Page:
On my third day living at the University of Southern Maine Gorham campus back in 2000, I started a conversation with another student named Adam who had come to the school from Cleveland, Ohio. Because he was from out of state, Adam had spent more than a week on campus already, getting to know the lay of the land and understanding how the split campuses at USM would work. I asked him what he thought of Maine so far and his response was one that I have never forgotten. He said to me, "place is gorgeous, quiet, peaceful. But what's with all the staring?" Excuse me?

Scott Griessel

At first I was confused and followed up with "what do you mean?" He said to me, "when I'm driving, any time I pass someone, they stare at me. When I went to the mall, people were staring at me when I walked by them. Here on campus, it's the same thing." I suddenly felt very self-conscious for myself and my fellow Mainers. Do we have a staring problem? As I got to know Adam better, I came to realize that simple eye contact was something he considered to be staring. That in Cleveland, a simple lock of the eyes can be bad news. But here in Maine? Nothing of the sorts.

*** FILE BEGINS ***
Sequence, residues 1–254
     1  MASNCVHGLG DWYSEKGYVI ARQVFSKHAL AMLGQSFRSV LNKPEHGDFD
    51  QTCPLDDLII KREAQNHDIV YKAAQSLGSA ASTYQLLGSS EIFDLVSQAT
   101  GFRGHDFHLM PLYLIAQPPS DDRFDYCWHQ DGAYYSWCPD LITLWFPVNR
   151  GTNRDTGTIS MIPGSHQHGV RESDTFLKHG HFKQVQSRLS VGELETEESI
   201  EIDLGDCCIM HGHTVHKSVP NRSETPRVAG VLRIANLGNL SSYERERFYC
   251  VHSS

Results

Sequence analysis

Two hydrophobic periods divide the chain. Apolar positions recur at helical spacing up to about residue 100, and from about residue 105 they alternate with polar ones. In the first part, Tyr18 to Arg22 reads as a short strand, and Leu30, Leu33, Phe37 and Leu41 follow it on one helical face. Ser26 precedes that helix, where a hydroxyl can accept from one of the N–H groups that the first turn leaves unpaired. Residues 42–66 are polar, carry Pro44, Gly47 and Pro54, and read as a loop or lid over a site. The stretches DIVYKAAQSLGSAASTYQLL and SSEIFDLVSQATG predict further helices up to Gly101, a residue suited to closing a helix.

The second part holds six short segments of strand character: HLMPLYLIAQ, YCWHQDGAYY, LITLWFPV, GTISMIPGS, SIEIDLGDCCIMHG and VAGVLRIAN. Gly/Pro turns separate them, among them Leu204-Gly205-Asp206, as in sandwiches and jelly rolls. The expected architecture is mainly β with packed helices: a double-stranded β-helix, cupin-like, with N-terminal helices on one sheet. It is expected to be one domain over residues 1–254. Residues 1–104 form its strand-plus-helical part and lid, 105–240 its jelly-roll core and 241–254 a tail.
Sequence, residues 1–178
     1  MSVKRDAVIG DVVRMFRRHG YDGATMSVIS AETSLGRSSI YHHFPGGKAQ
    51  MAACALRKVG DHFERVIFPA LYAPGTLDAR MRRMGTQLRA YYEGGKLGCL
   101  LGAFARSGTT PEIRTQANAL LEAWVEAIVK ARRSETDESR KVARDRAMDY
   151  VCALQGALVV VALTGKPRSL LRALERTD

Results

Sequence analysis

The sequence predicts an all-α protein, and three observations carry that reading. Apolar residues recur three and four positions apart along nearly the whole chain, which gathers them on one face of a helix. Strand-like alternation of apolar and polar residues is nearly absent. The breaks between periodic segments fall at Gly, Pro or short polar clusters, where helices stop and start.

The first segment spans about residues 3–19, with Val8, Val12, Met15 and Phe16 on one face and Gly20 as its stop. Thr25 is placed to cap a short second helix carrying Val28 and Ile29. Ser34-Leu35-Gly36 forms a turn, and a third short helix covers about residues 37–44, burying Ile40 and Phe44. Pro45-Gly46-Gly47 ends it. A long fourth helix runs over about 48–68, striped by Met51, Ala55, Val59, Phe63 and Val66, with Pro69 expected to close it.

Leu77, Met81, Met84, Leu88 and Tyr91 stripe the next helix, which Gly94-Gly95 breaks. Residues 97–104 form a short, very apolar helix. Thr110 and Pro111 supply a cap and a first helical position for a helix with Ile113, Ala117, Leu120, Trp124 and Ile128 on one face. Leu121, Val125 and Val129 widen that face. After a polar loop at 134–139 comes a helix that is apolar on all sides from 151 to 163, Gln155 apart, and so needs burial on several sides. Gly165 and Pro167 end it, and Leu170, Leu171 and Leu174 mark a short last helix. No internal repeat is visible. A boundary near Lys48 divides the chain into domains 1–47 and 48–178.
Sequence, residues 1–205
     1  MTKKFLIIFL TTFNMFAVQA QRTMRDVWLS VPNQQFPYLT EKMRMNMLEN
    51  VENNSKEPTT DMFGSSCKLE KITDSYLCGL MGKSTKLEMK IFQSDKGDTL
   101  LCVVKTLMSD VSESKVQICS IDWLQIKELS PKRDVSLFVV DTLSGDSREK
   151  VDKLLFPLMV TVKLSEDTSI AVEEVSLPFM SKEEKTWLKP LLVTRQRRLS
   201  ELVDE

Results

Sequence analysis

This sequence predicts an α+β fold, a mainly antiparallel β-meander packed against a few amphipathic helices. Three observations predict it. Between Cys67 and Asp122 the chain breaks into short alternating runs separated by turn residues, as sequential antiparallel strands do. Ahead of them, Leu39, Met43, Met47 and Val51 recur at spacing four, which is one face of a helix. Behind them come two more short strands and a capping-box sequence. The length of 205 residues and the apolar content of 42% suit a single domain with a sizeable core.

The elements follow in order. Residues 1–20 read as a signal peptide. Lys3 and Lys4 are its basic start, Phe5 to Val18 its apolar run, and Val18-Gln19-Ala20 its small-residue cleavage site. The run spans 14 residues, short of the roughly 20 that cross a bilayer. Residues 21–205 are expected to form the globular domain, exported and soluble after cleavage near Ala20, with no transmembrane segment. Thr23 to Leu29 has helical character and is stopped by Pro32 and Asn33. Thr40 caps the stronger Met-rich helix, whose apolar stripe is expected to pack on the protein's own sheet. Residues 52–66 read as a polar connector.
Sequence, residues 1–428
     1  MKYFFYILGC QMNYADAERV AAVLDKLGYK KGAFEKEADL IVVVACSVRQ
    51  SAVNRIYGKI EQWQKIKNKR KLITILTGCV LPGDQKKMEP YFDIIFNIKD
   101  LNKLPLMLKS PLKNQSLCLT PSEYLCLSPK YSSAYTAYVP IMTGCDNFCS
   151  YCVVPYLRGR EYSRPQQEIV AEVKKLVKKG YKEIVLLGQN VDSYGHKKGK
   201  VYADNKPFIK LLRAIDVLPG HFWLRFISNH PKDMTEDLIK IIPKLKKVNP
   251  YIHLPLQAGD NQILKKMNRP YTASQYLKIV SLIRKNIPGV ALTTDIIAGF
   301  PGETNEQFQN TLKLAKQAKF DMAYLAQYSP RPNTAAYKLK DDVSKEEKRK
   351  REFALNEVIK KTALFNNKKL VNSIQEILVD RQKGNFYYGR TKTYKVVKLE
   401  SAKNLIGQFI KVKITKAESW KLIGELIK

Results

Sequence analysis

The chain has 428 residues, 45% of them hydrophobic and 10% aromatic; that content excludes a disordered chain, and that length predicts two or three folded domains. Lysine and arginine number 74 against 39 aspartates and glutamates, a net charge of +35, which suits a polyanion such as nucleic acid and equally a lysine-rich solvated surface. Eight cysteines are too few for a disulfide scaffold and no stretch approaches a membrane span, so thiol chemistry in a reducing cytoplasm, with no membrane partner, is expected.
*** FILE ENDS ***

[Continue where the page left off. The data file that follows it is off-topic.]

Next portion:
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I bring this up because just a few days ago on Reddit, someone posted this. A simple, non-accusatorial question wondering if people in Maine tend to take longer looks at other people than you'd find in other states. If you've lived your entire life in Maine, or have been here long enough, you know this to be absolutely true. We've always been an eye contact state, and people here are friendly enough to still say hello with their eyes.

So for someone who's new to Maine, all that eye contact can begin to feel a lot like staring. "Why are all these strangers fixated on looking at me?" is a fair thought for anyone unaccustomed to it. Even writing it, it does seem strange.

Do we have a staring problem? Probably. But it's kind of just a Maine thing.